Published on May 18th, 2017 | by Dean Love


Escapologic, Nottingham – Cryptic

To be clear, there’s nothing particularly cryptic about Cryptic – those with an irrational fear of crosswords can still apply. Rather it’s another Escapologic trademark pun: this game is set in an old crypt.

So something happened at the start of Cryptic that immediately set off alarm bells: we were told the room is essentially pitch black inside, and then we were given just two light sources between the three of us. Rarely a recipe for a good time, it’s basically just handcuffing you together in pairs without the kinky undertones. It didn’t ruin the game in this case but it was frustrating at times. The unique thing that Cryptic does also happens before you enter the room. You’re given a knapsack (which immediately made me wonder if we’d be encountering any spinning blades) that has a few things which may be useful, the most important of which is a book, supposedly the recovered notes of a previous explorer. Now from what I could tell, there’s nothing in the book that’s essential to finishing the game – there’s no codes hidden in there or such. Instead it’s essentially a hint book, almost like one of the 90s adventure game hint books. If you’re stuck at any point, going through the book might offer a nudge in the right direction. It oozes theme and works really well – you’ll rarely be completely stuck in this game, as you can always go back to trying to figure out something from the book – what notes in there relate to the thing you’re stuck on? You might not always make the connections (in which case there’s a secondary, more traditional but still thematic, clue system in the game) but you always feel like you have somewhere to go to. The downside is that it’s (purposefully) very scattered and unordered, long (maybe 30+ pages) and coupled with the limited light sources can also cause frustration – it’s only large enough for one person to really be reading it at once, and they’re going to need one of your two light sources. Still, I really liked the concept and as as we were playing with just three players anyway that was less of a problem.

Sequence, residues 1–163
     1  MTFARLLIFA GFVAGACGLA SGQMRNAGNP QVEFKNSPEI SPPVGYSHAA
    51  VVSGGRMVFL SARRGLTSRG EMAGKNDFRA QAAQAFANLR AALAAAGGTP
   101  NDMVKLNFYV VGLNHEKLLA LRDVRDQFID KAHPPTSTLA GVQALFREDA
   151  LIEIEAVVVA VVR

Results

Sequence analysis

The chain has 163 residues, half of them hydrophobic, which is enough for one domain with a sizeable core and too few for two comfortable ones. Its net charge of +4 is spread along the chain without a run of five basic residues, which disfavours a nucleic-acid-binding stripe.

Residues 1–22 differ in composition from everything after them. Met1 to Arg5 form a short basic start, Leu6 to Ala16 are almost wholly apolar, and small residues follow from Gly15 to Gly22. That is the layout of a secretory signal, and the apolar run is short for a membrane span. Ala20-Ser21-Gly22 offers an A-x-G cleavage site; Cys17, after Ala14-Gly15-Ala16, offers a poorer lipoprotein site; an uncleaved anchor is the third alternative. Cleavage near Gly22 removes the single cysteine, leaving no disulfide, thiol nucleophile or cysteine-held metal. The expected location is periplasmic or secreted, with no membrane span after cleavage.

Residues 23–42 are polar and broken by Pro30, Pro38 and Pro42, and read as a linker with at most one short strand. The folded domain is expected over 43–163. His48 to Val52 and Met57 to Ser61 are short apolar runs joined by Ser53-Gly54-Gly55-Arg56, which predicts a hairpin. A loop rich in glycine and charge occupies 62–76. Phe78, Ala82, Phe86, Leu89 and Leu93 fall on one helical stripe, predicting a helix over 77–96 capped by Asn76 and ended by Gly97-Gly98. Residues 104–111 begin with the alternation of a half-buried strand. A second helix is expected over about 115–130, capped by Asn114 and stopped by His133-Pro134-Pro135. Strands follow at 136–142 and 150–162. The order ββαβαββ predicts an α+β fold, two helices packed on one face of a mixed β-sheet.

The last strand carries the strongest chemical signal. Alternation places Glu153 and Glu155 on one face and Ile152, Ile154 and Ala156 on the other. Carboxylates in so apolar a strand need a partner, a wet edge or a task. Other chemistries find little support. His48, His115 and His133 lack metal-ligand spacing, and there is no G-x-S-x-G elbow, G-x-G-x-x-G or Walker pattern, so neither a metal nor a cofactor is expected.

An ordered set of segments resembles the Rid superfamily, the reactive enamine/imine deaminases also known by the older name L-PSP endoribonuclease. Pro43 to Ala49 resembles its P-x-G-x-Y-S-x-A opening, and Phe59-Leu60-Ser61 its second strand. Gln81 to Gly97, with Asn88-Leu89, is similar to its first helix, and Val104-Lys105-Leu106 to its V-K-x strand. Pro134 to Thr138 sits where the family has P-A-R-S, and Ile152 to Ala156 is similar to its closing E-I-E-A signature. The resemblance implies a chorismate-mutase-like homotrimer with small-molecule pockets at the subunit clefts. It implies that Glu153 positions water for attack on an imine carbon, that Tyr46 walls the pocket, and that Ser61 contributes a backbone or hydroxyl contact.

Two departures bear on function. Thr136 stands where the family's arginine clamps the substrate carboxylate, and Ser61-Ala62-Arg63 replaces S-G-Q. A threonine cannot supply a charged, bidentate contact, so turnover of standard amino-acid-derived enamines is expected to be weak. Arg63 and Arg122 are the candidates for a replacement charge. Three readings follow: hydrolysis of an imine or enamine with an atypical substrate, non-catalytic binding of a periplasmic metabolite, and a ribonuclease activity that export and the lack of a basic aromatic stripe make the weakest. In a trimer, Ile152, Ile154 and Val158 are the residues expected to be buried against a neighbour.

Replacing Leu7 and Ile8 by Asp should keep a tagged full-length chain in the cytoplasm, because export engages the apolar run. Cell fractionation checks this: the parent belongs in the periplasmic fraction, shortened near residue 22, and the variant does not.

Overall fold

Much like Contraption, the set on Cryptic feels a bit worn, but it’s far easier to get away with it in the dark, and a crypt really should feel worn and dusty (while Contraption’s lab still works, it could equally have been a more pristine take). There’s a little bit of crawling and climbing involved which is fun and the puzzles are generally pretty good. It avoids any anachronistic combination locks in favour of cleverly activated mechanisms and solid, time-appropriate keys. There’s also a decent emphasis on teamwork across a few of the puzzles that will reward good communication.

More than anything, where this game excels is really in atmosphere: the darkness, the book, the physical aspects, the sense of adventure as you progress through the crypt – it really does everything it can to ensure you feel like you’re following in the footsteps of the explorers before you, and we enjoyed it a lot.

Result – we escaped in around 45 minutes, though as there’s no clock in the room it’s hard to know for sure

Date played: 30 Apr 2017

Team: Dean, Katherine, Jess


Escapologic, Nottingham – Cryptic Dean Love

Summary: A room that emphasises atmosphere and teamwork, with a novel approach to clues.


Tomb raider

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About the Author

Dean is a professional writer who has worked for The Mail On Sunday, The Digital Fix, MicroMart and others.

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